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Keren Ann | Nolita (EMI)
A good friend who rarely discusses new music spoke of the low-key buzz surrounding Keren Ann's fourth album 'Nolita'. News to me. Soon after a learned pop pundit informed it was album of the year on Radio 4's evening arts review programme Front Row. Heck! Well we are a little late with this one and it's a fair question to ask why. That one vast music chain files it under World Music (which is darn silly) could partly explain its uneven exposure. Furthermore it seems to have made it onto very few if any radio playlists.
So who she? A Dutch singer songwriter, born in Israel, Russian Israeli dad, Dutch Javanese mom, relocated early on from Holland to Paris where she still lives part of the year when she's not in New York. She has released two French albums and an apparently celebrated English language one in 2003, 'Not Going Anywhere'. A fifth album concerns her Icelandic indie rock side project Lady and Bird whose self-titled album also appears on EMI International. (Reykjavik is a neat midway stopover I guess). An extremely elegant website (kerenann.com) will reveal a good deal about her thoughts and philosophies as well as the cool circles (Lou Reed, Francois Hardy etc.) that she moves in.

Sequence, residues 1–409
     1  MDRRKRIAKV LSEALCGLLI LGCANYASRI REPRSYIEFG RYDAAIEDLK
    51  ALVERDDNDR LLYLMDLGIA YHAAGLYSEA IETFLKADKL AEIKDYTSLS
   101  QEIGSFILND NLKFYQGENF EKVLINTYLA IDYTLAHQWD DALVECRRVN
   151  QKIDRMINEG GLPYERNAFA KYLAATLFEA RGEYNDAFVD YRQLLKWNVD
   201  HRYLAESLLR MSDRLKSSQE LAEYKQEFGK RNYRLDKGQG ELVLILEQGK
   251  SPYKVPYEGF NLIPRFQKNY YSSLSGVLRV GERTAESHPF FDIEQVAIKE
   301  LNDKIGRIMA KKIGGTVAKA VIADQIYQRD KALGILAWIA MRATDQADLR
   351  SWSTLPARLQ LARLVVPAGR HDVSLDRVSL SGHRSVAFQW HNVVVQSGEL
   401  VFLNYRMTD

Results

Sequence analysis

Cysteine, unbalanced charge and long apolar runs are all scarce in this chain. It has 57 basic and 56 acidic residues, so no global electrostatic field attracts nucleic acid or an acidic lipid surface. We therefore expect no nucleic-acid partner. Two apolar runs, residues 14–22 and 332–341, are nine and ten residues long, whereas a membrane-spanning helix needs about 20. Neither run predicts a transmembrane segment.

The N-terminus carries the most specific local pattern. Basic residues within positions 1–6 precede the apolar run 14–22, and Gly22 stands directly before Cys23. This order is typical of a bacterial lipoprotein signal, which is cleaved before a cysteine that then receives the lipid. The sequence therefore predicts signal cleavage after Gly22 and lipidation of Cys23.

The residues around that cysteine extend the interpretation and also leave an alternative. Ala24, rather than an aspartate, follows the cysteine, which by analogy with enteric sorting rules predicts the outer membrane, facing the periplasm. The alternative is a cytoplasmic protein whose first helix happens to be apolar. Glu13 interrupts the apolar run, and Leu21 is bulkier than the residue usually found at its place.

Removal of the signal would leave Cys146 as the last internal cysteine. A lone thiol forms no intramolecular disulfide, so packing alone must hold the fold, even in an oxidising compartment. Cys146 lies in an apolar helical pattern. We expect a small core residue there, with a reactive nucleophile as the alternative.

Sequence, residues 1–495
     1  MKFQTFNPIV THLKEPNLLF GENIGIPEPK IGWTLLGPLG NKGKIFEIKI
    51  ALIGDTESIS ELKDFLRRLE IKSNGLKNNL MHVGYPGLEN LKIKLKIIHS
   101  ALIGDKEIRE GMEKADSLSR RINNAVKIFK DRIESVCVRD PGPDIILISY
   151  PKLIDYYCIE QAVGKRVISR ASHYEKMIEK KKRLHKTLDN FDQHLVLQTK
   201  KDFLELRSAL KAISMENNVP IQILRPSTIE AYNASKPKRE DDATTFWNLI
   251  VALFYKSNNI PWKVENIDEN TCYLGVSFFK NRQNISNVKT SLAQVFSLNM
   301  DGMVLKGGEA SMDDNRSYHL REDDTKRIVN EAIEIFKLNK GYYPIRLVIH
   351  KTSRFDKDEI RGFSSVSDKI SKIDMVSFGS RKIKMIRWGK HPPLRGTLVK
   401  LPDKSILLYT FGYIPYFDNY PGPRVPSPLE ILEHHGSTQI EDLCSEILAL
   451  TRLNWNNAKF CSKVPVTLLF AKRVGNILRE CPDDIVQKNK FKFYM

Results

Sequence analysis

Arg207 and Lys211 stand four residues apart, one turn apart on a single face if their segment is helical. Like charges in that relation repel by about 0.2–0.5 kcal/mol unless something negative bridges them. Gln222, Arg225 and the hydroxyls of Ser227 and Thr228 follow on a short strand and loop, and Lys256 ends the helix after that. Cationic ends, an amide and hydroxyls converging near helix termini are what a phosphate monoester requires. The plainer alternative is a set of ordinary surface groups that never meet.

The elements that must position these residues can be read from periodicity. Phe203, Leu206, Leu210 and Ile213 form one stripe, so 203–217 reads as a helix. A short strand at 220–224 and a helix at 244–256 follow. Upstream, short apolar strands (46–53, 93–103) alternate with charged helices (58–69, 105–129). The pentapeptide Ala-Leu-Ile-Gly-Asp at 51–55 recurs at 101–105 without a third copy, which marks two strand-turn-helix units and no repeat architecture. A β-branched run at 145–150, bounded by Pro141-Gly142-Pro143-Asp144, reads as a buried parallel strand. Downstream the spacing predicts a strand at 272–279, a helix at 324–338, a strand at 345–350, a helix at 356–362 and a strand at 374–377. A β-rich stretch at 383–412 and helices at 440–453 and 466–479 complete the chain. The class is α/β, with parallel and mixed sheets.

In art, especially music, there is often a fine line between melancholy and euphoria. There is also, sometimes, another recognisable dichotomy. One exemplified on 'Nolita'. This record may becalm some listeners and will, for all its luxurious arrangements and velvety production vex others. Proceedings kick off in a surely all pleasing style with the moderately fast paced Que n'ai- je? which has a sort of highly polished alt. country feel where Calexico support Francois Hardy. Such a vigorous and healthy vibe soon turns into a slightly neurotic, arty New York vibe only a few blocks away from Suzanne Vega. Most of the record also bizarrely recalls the influential '80s chanteuse Anna Domino, an artist who moved in the opposite direction, geographically speaking, from the US to Belgium to the same introspective, romantic ends.
Some tunes go from a to b and no further: the dreary, repetitive chorus of Greatest You Can Find spoils an otherwise pleasant tune; the tacky rhythm of Midi dans le Salon de Duchesse reminds you of all the awful pop music that the French wisely kept to themselves. Chelsea Burns may be sensuous to some but will not affect the sales of sheet music and La Forme et le Fond has a tune, an attitude and a bass line that may be cool for you but was missing any heart or soul to me.
None of the music is very original. So many people are recalled in the melodies themselves; Cat Power, John Martyn, Serge Gainsbourg etc. You can make your own list but fortunately you won't care who the antecedents were when, sometimes at least, some of the end results are rather lovely. Roses and Hips, the title track, One Day Without and L'Onde Amere are all good places to enter the dreamy world of Keren Ann. Apparently a new album is nearly complete and we look forward to it with some keen hopes.